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One Dimple, Two Interpretations

Recount: In one Florida county, Gore is gaining votes. In another, he's not. The reason? Different standards on considering ballot indentations.


WEST PALM BEACH, Fla. — The two boards recounting votes by hand in Florida both toss around phrases like "discernible impressions" and "voters' intent" and "the totality of the vote."

But in many ways, the boards are not speaking the same language, especially when it comes to dimples.

Unable to determine a voter's intent, Palm Beach County officials tossed out hundreds of ballots marked with a pinprick, bump or indentation Friday despite a judge's order to use less strict standards when reviewing disputed ballots.

But it was a whole other story 50 miles south in Broward County. Canvassing officials there considered similarly "dimpled" ballots as valid--and many went straight into Al Gore's column.

Therein lies an explanation for a major mystery in the postelection presidential race: why Vice President Gore is gaining desperately needed votes in Broward County but failing to win votes in Palm Beach County.

The latest reports show the Democrat winning about one in four dimpled ballots in Broward. Palm Beach County officials were not releasing figures Friday night, but the most current reports had Gore's Republican opponent, Texas Gov. George W. Bush, up eight votes.

The different interpretations of voter intent also explain why the street protests have shifted from West Palm Beach to Fort Lauderdale, where the Broward board meets. Republican activists view the Broward board as far too generous to Gore in the neck-and-neck postelection race.

The two canvassing boards are poles apart in a few telling ways, including mood, style and personality. Charles Burton, head of the Palm Beach canvassing board, is apt to sprinkle a few wisecracks into the kindling-dry work of staring at paper cards 16 hours a day.

"Hey, any more from where those came from?" he kidded a sheriff's deputy who marched into the room with a steel case of disputed ballots. "Anybody else want to count these? Anybody?"

In contrast, Broward chairman Robert W. Lee has become increasingly intense and confrontational, nearly ejecting a Republican observer from a meeting on Thanksgiving Day. Unlike Palm Beach, where the three board members sit next to partisan lawyers, a heavy wood table shields the Broward canvassing board from the bank of partisan observers. In Palm Beach, the board lets the observers ask questions. In Broward, they're told to keep quiet.

Both of the recount rooms are tightly controlled, quiet and sterile. But the Palm Beach canvassing room has an oddly futuristic, Buck Rogers feel to it, with yellow pipes snaking along the ceiling, chairs arranged in semicircular rows and walls made of steel screen.

If there's one key difference between the boards, however, it's how they judge questionable ballots. And the Palm Beach County board has shown, as the long counting days have worn on, that it is much stricter.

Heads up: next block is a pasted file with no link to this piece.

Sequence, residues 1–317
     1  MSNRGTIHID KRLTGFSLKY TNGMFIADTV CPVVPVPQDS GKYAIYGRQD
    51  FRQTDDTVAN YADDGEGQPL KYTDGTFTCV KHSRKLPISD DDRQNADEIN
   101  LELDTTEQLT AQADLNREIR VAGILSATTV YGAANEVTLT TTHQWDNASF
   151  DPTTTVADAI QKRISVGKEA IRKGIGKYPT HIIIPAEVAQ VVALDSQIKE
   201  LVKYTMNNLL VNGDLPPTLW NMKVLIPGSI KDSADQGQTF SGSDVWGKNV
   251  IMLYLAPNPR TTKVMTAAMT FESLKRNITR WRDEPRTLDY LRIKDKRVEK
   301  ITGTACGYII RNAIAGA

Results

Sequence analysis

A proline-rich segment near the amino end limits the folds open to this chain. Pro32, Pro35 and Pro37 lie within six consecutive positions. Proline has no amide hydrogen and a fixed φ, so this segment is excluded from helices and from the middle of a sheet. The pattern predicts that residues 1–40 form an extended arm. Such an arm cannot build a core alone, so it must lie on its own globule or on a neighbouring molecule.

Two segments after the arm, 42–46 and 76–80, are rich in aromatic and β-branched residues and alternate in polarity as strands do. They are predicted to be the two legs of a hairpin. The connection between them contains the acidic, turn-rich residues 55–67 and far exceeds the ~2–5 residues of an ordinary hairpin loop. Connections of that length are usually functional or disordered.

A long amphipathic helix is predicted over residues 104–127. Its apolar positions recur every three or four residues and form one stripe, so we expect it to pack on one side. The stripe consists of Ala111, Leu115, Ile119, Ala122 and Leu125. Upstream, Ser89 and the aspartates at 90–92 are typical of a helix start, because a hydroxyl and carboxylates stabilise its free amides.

There are no clear guidelines on how to judge a dimpled ballot--ballots indented but not punched through--and both three-member boards have resisted stating precisely what type of marks or dents constitute a vote. Instead, they have been scrutinizing ballots on a case-by-case basis.

By Friday night, Broward had finished inspecting most of the county's 1,800 dimpled ballots. It's not clear how many similar ballots are stacked up in Palm Beach County. Officials there said they had a pile of 6,000 challenged votes to rule on, but many of those were routed to the canvassing board for reasons other than dimples.

On Wednesday, a judge reiterated to the Palm Beach board that it needed to at least consider ballots on which marks may indicate the voter's intent.

The Broward board tends to do more extrapolating than Palm Beach, to the frustration of Republican observers. But the Broward board seems divided within itself about how to do this.

A Democrat on the board, Suzanne Gunzburger, often decides by peering at other races down the ballot and then judging whether a dimple pressed into the Gore or Bush spot was indeed an intended vote. Nearly every dimple in Gore's column was a vote to her.

The Republican judge two seats over, Robert Rosenberg, needs to see a chad torn or perforated before considering it a vote. A chad is the tiny piece of paper that is usually punched out when a vote is cast.

Lee, the chairman of the Broward board, also a judge and a registered Democrat, often acts as the tiebreaker on the panel.

In Palm Beach, if a ballot is all dimpled--which sometimes happens--the board has been inclined to record the votes in the presidential race. But if a ballot is a mixture of dimples and clearly marked votes in other races, the board has been reluctant to award a vote to either Gore or Bush.

"I'm not comfortable saying I know that a dimple was a voter's intent when that voter had no problem making a clear vote in other instances," Burton said.

These differences have hardly gone overlooked.

"The people here are not allowing as many votes to go through as they should," said Ben Kuehne, the lead attorney for the Democratic effort in Palm Beach. "The Broward board understands the law much better.'

Of course, Republicans feel the polar opposite. "In Broward, they're counting everything," GOP attorney Burt Odelson said. "Here [in Palm Beach County], they're being much more fair."

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